Discipline and terminationState procedures
Are there state-specific laws on the procedures employers must follow with regard to discipline and grievance procedures?
New York has no laws regarding discipline and grievance procedures (other than those which may arise indirectly in connection with generally applicable laws, such as those regarding discrimination).At-will or notice
At-will status and/or notice period?
New York is an employment at-will state, meaning that both an employer and an employee may end an employee’s employment at any time, for any reason, with or without cause or notice, subject to any agreed upon contractual limitations and in compliance with applicable laws (e.g., anti-discrimination laws). This applies whether an employee voluntarily leaves his or her job or the employer terminates the employee’s employment.
However, on January 5, 2021, New York City amended its Fair Work Week Law, to require New York City fast-food employers to have “just cause” or a “bona fide economic reason” to discharge an employee who has completed his or her probationary period, which cannot surpass 30 days (N.Y.C. Admin. Code §20-1272(a)). The law, which went into effect on July 4, 2021, prevents New York City fast-food employers from discharging employees pursuant to the employment-at-will doctrine. With respect to terminating for “just cause” the law provides, among other things, that employers maintain a written progressive discipline policy and use such progressive discipline before terminating employees for “just cause.” (Id. at §20-1272(c)). With respect to “bona fide economic reason” the law provides, among other things, that layoffs must be pursuant to seniority, such that employees with the greatest seniority will be retained the longest, reinstated, or restored hours first (Id. at §20-1272(h)).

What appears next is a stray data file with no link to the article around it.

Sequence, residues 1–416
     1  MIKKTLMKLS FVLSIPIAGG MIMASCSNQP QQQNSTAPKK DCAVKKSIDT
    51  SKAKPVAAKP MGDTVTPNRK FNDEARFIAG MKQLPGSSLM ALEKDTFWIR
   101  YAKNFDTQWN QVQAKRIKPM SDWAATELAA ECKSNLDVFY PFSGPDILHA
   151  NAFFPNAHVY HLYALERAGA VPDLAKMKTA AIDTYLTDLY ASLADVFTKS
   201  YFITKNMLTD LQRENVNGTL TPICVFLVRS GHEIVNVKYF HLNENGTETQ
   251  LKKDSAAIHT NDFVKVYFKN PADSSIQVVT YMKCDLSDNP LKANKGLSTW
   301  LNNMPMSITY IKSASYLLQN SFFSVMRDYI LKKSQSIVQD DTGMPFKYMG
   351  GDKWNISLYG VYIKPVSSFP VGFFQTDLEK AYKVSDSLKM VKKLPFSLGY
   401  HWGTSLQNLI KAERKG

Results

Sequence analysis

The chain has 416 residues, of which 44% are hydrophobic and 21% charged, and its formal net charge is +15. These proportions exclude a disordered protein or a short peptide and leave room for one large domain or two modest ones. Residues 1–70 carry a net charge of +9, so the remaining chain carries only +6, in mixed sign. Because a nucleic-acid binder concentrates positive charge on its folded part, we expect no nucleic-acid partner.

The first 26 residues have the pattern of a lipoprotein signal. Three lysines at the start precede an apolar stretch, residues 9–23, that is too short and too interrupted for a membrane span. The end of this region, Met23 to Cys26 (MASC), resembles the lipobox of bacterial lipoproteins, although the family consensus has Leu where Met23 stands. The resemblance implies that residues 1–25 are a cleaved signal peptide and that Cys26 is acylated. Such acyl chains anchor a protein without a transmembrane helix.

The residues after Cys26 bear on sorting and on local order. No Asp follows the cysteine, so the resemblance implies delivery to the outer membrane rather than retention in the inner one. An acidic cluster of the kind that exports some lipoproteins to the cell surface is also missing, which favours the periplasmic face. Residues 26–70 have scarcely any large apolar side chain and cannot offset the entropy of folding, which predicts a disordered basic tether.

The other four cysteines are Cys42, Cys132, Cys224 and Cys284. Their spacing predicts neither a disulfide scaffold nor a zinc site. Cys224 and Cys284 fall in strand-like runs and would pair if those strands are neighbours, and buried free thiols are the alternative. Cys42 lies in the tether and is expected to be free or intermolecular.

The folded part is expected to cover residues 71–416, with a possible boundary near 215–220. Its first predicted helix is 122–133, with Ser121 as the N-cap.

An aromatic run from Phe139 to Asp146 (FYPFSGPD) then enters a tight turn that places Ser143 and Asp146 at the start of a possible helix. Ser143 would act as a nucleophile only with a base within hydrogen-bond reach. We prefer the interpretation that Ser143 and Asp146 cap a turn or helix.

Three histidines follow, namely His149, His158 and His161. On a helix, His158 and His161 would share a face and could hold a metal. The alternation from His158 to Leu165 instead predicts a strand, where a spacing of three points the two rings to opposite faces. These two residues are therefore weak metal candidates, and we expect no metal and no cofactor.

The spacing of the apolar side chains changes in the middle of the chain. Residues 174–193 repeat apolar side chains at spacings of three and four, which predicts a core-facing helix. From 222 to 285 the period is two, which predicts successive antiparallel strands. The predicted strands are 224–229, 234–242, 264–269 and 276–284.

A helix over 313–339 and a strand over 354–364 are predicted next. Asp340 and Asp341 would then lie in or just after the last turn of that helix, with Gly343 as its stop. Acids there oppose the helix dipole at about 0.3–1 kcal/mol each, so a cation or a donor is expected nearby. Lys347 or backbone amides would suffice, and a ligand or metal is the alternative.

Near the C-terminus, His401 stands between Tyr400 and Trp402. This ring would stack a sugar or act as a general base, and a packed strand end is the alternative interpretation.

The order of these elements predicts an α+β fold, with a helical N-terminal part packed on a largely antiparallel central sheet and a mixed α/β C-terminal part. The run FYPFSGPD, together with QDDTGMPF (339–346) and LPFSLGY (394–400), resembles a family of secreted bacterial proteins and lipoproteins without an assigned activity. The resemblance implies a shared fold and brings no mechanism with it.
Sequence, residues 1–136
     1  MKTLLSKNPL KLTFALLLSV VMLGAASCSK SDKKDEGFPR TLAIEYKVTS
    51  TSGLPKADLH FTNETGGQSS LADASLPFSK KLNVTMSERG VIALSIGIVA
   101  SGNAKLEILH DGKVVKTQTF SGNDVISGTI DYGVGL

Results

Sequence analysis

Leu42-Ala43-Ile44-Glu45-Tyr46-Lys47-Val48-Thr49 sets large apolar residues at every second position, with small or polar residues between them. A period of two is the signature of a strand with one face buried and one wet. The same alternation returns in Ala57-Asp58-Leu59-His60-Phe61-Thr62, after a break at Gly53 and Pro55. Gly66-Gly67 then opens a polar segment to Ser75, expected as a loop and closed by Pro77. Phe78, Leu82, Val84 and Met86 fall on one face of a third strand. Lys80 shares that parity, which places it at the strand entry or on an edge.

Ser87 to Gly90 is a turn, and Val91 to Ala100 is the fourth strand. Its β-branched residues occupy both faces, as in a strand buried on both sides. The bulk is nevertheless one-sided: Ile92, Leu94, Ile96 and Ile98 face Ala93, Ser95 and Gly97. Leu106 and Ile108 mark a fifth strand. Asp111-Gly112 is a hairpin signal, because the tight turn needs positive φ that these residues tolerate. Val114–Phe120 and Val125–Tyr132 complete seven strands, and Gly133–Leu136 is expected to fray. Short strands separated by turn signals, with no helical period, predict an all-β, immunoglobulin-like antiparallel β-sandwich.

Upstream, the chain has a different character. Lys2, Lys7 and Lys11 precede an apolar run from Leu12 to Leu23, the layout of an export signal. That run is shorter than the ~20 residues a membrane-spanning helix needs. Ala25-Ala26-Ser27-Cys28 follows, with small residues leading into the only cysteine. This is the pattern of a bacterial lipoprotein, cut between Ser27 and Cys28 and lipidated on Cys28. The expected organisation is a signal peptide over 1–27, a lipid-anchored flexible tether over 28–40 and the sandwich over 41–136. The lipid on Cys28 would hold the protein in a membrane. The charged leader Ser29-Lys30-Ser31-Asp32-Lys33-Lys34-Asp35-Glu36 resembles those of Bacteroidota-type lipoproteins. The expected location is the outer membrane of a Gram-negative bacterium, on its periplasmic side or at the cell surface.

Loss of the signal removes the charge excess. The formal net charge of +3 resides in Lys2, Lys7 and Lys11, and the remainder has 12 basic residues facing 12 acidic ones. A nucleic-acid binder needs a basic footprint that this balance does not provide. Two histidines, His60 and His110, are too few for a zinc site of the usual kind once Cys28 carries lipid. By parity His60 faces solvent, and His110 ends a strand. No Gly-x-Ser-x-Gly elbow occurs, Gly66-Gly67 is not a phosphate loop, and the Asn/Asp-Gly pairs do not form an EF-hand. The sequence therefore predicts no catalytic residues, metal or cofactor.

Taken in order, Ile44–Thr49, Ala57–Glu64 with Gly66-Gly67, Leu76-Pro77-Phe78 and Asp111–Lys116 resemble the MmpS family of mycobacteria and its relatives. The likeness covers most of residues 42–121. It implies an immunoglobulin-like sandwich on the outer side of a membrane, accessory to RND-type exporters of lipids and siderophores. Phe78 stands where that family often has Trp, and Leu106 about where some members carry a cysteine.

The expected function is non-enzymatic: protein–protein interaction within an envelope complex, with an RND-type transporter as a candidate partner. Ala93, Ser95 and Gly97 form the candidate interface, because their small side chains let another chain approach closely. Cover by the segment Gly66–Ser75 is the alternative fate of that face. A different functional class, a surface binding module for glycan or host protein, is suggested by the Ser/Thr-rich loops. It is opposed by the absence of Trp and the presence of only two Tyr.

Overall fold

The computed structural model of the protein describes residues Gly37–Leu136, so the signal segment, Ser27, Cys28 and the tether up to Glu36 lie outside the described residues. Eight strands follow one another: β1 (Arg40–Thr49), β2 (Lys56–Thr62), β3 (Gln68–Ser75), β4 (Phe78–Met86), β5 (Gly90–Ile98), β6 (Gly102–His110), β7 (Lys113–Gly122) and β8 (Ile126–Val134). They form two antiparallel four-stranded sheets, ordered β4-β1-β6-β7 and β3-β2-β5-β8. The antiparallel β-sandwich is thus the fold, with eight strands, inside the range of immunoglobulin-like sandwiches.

What restrictions apply to the above?
An employer may not terminate an employee based on the employee’s membership in a protected class. Likewise, the New York Labor Law prohibits employers from terminating an employee for his or her off-duty political or legal recreational activities outside of work, legal use of consumable products outside of work, or membership in a union (N.Y. Labor Law § 201-d). Employers may also not terminate or discriminate against an employee for making a complaint to the employer or the state’s Commissioner of Labor regarding purported violations of the New York Labor Law, including a violation which “creates and presents a substantial and specific danger to the public health or safety, or which constitutes health care fraud” (N.Y. Labor Law §§ 215 and 740).Final paychecks
Are there state-specific rules on when final paychecks are due after termination?
Regardless of whether an employee voluntarily leaves his or her job or is terminated, the employer must pay the employee’s wages no later than the regular pay day for the pay period during which termination occurred (N.Y. Labor Law § 191). Wages may be paid by mail, if requested by the employee.